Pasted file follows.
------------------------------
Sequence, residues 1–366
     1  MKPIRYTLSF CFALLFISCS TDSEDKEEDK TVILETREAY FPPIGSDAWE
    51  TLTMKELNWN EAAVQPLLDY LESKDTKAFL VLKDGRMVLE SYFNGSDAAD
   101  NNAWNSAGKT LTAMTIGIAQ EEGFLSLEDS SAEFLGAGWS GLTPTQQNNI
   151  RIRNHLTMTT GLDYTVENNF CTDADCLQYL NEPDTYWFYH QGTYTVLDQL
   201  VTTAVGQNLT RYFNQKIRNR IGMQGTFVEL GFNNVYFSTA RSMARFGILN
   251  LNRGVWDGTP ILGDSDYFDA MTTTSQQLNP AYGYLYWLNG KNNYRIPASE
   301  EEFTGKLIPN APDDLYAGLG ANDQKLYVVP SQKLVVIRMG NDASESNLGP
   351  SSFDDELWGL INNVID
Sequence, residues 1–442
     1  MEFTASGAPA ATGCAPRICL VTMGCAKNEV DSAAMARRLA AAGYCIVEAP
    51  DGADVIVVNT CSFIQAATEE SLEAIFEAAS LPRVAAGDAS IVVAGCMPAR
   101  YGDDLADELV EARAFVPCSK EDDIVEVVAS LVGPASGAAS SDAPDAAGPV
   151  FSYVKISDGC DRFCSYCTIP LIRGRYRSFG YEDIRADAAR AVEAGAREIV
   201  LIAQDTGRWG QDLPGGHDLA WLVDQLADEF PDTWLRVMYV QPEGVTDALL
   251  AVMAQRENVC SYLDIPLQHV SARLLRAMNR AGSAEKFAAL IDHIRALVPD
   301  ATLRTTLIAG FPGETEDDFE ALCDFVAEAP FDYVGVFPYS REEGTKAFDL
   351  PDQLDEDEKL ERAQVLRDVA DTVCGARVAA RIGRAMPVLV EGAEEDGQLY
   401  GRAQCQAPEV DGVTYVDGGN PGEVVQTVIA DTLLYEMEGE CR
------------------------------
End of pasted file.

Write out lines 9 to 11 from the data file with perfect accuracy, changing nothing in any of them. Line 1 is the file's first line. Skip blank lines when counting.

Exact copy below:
   351  SSFDDELWGL INNVID
Sequence, residues 1–442
     1  MEFTASGAPA ATGCAPRICL VTMGCAKNEV DSAAMARRLA AAGYCIVEAP